If the claimant's impairment does not meet or equal a listed impairment in step three, the inquiry proceeds to step four, at which point the agency assesses whether the claimant can do his or her previous work; the claimant must show that he or she cannot perform his or her previous work or is determined to not be disabled. 20 C.F.R. § 416.920(f). If the claimant survives step four, the fifth and final step requires the agency to consider vocational factors (the claimant's age, education, and past work experience) and determine whether the claimant is capable of performing other jobs existing in significant numbers in the national economy. 20 C.F.R. § 416.920(g); See Barnhart v. Thomas, 124 S.Ct. 376, 379-80 (2003).
The claimant bears the burden of proof through step four of the analysis. Nielson v. Sullivan, 992 F.2d 1118, 1120 (10th Cir. 1993). At step five, the burden shifts to the Commissioner to show that the claimant can perform other work that exists in the national economy. Nielson, 992 F.2d at 1120; Thompson v. Sullivan, 987 F.2d 1482, 1487 (10th Cir. 1993). The Commissioner meets this burden if the decision is supported by substantial evidence. Thompson, 987 F.2d at 1487.
II. History of Case
Plaintiff Lakin protectively filed an application for Supplemental Security Income on August 5, 2010 alleging disability beginning February 24, 2010. The claim was initially denied on November 1, 2010, and upon reconsideration on May 11, 2011. Lakin requested an administrative hearing on June 6, 2011. R. at 123.
Lakin's hearing was held before an Administrative Law Judge on January 12, 2012. R. at 140. On January 26, 2012, the ALJ issued his decision finding Lakin was not disabled. R. at 13-25. Lakin requested review of the ALJ's decision by the Appeals Council on March 19, 2012. The Council denied the request for review on March 10, 2013. This was the final act of the Commissioner. See Plaintiff's Social Security Brief, Dkt. 11 at 3.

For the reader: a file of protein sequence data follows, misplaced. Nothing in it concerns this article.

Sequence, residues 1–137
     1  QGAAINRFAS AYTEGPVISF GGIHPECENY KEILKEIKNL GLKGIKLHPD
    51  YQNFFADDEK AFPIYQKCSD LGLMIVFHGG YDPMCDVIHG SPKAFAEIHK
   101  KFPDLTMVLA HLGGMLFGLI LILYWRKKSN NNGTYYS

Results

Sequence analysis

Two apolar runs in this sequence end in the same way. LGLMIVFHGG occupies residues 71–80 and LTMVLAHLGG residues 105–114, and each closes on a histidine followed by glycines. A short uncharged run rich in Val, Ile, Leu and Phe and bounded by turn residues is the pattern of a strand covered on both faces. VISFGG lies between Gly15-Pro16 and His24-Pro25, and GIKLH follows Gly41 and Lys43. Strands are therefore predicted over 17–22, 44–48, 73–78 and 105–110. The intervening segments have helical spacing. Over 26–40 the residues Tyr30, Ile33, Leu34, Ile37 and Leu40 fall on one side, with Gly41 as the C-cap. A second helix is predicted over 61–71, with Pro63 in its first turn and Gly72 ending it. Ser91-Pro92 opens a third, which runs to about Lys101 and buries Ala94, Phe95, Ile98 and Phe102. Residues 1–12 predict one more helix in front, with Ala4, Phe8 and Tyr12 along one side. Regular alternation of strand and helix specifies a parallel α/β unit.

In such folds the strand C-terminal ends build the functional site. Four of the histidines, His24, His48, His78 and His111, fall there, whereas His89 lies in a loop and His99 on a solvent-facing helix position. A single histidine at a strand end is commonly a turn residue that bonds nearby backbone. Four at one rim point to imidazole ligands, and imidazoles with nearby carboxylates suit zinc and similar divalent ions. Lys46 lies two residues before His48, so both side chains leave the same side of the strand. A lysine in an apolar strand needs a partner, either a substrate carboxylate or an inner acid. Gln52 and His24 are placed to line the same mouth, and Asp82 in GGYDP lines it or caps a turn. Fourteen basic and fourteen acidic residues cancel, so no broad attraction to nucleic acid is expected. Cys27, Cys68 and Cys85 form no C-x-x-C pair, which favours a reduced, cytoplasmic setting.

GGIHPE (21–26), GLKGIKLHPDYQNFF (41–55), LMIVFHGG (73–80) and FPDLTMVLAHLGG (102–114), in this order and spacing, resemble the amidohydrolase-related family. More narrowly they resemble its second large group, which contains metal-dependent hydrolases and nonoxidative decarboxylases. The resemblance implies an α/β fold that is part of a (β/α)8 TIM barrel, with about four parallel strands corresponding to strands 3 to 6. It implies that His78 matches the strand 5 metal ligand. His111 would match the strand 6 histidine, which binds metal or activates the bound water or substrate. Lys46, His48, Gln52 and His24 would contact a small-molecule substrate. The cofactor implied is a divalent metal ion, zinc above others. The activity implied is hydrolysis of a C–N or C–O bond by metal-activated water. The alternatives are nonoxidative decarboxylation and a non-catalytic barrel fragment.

At step one of the analysis, the ALJ found that Lakin had not engaged in substantial gainful activity since her alleged onset date. R. at 18. At step two the ALJ found that Lakin suffered from the following ailments: degenerative disc disease of the lumbar and cervical spine, carpal tunnel syndrome, tennis elbow, hypoglycemia, osteoporosis, anxiety, depression, and panic disorder. Id. At step three, the ALJ determined that Lakin's impairments do not meet or medically equal a listed impairment. Id. After determining Lakin's RFC (R. at 18-20), the ALJ determined at step four that Lakin did not have any relevant past work history. R. at 24. At step five, the ALJ determined that Lakin could have successfully adjusted to perform other jobs that existed in significant numbers in the national economy. R. at 24. Therefore, the ALJ concluded that Lakin has not been under disability since February 24, 2010.
Lakin claims the ALJ failed to follow the treating physician rule in determining her RFC. She argues that her treating physicians, Dr. Richard Gilmartin and Dr. Ronald C. Ferris, supported their opinions with clinical and diagnostic evidence, and that the ALJ did not cite any specific evidence contradicting their opinions. Lakin also claims the ALJ failed to properly evaluate her own credibility, arguing that the ALJ's finding is not supported by the record.
The Commissioner argues that the ALJ properly evaluated the medical opinion evidence and Lakin's credibility and that the ALJ's assessment of Lakin's RFC is supported by substantial evidence.
III. The ALJ's RFC Findings Are Supported by Substantial Evidence
According to SSR 96-8p, the RFC assessment "must include a narrative discussion describing how the evidence supports each conclusion, citing specific medical facts... and nonmedical evidence." The ALJ must explain how any material inconsistencies or ambiguities in the evidence in the case record were considered and resolved. The RFC assessment must always consider and address medical source opinions. If the RFC assessment conflicts with an opinion from a medical source, the ALJ must explain why the opinion was not adopted. SSR 96-8p, 1996 WL 374184 at *7. It is insufficient for the ALJ to only generally discuss the evidence, but fail to relate that evidence to his conclusions. Cruse v. U.S. Dep't of Health & Human Servs., 49 F.3d 614, 618 (10th Cir. 1995). When the ALJ has failed to comply with SSR 96-8p because he has not linked his RFC determination with specific evidence in the record, the court ...